One alternative to drug reps' lunches could be just giving information about the drug, sans lunch, says a neurologist. "If catered lunches for doctors and their staff had no effect on the recipients, you can be certain the drug companies would not do it. There is no reason why a drug rep cannot give you a brief summary and some literature about a new drug in the privacy of your office. The food wasted and the plastic that comes with it are obscene."

A pain management physician has a clear policy when it comes to drug reps. "I feel bad for the reps. They have a job to do, but to me it is just not worth it. We don't see any reps, we don't accept any lunches, no samples."

"The drug companies don't pay $250 million a year on free food (that's in addition to free samples and paying off the "thought leaders" and researchers) out of the goodness of their hearts," noted a psychiatrist. "They are in it for the bottom line. I'm not against that, per se, but you have to be aware that, as a physician, you are the focus of an intense sales program."

A Nice Break for the Staff

Some physicians are pleased with the information they receive from drug reps, and they feel that free lunches are a nice perk for their hard-working staff.

A family physician said, "What is wrong with helping us, the doctors, NPs, CMAs, clerks who work long hours without breaks to help the patients? Having food brought to you, ready to eat, for your 20-minute break is a great service to a very tired body of workers. Helping us helps the patients.... Give me a break, most of us (medical professionals) cannot even remember who brought us lunch, unfortunately. The pharm companies will eventually find out that the meals are not much better than the pens in reminding of us particular drugs. We are just too busy and too tired. The food really helps us continue working without wasting time getting our own."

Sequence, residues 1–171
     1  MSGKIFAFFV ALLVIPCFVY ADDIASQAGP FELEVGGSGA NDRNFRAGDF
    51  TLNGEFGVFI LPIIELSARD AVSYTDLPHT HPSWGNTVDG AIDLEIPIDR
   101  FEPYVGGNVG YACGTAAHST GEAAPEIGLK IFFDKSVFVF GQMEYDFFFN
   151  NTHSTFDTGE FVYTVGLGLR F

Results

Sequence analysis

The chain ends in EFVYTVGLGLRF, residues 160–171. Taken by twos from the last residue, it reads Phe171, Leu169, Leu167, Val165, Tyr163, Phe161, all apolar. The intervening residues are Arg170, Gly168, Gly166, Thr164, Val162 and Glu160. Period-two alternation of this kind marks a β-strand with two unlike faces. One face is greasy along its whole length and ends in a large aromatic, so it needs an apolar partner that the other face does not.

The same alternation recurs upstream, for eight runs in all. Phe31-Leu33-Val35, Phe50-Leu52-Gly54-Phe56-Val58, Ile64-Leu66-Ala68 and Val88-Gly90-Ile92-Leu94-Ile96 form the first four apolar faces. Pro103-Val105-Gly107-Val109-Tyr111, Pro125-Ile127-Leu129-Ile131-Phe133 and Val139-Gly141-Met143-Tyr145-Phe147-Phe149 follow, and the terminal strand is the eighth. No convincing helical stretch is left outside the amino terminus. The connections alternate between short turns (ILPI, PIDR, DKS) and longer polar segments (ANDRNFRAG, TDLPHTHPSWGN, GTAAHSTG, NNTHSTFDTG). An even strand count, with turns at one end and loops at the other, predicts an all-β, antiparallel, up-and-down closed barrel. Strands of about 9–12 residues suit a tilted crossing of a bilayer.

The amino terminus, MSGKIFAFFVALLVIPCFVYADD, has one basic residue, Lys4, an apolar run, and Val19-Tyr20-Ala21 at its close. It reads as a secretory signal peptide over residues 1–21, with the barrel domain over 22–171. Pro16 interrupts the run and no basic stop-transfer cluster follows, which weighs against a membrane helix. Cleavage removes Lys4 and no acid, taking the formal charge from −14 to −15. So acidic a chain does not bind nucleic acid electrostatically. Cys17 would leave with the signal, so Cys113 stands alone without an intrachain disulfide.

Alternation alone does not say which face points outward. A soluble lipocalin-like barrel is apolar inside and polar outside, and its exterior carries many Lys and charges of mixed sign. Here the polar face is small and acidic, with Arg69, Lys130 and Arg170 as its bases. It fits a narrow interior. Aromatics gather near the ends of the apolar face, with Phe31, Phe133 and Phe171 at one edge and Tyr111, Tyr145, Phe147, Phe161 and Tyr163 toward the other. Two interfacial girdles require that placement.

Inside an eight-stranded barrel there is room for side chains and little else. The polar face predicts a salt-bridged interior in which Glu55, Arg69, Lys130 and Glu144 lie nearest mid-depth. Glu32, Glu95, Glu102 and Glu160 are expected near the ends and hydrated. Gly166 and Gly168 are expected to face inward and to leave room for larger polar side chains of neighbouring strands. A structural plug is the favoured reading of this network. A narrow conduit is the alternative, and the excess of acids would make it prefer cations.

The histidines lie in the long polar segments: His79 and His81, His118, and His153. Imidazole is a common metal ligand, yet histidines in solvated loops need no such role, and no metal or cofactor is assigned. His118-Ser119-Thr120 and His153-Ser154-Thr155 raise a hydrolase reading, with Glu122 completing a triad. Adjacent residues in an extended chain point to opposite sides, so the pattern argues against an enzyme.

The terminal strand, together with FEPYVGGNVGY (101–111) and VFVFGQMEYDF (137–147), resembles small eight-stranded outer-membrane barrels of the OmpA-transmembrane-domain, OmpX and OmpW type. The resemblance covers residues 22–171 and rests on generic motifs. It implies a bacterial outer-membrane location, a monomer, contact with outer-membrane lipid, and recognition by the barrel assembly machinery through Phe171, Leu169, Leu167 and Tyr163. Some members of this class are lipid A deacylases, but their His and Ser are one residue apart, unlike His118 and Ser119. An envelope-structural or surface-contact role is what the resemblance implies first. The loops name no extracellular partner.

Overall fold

Eating lunch with a rep even has unexpected benefits, said another healthcare professional. "I have been very pleased with the reps who come to my office. I eat the lunch and get to know them. When there is a problem of obtaining a drug for a patient or a side effect, I call them first. They have been very helpful in solving those problems. If I don't have patients who fit the criteria for their medications, I don't use the medications. Also, the staff enjoys the perk. I'm sure there will be more "research" coming out of institutes of "higher learning" that get tons of money for "research" from big pharma telling me how horrible it is for me to get the lunch because I'm being paid off."

Yet another physician agreed. "I deal with the launch of new drugs all the time. First I read about them, then look at the data sets, then talk to my partners, then the rep comes. I like the samples and sometimes the info or help understanding the new drug. I could skip the lunch if I wanted to, but the office workers like it and the reps like it. Does it make me use the drug? I guess it might push toward the drug if we have a sample but otherwise no."

Finally, a healthcare provider who worked in a hospital described this experience: "I recall receiving pen lights used in direct patient assessments, thus benefiting the patients, and although they had a logo, it was covered by the hand when used and in pocket when not in use so never actually seen.... We were often required to attend the presentations, which cut into our lunch breaks, and if not for the free food we wouldn't have eaten at all, so patients benefited by having nourished staff rather than run-down, low-blood-sugar staff caring for them."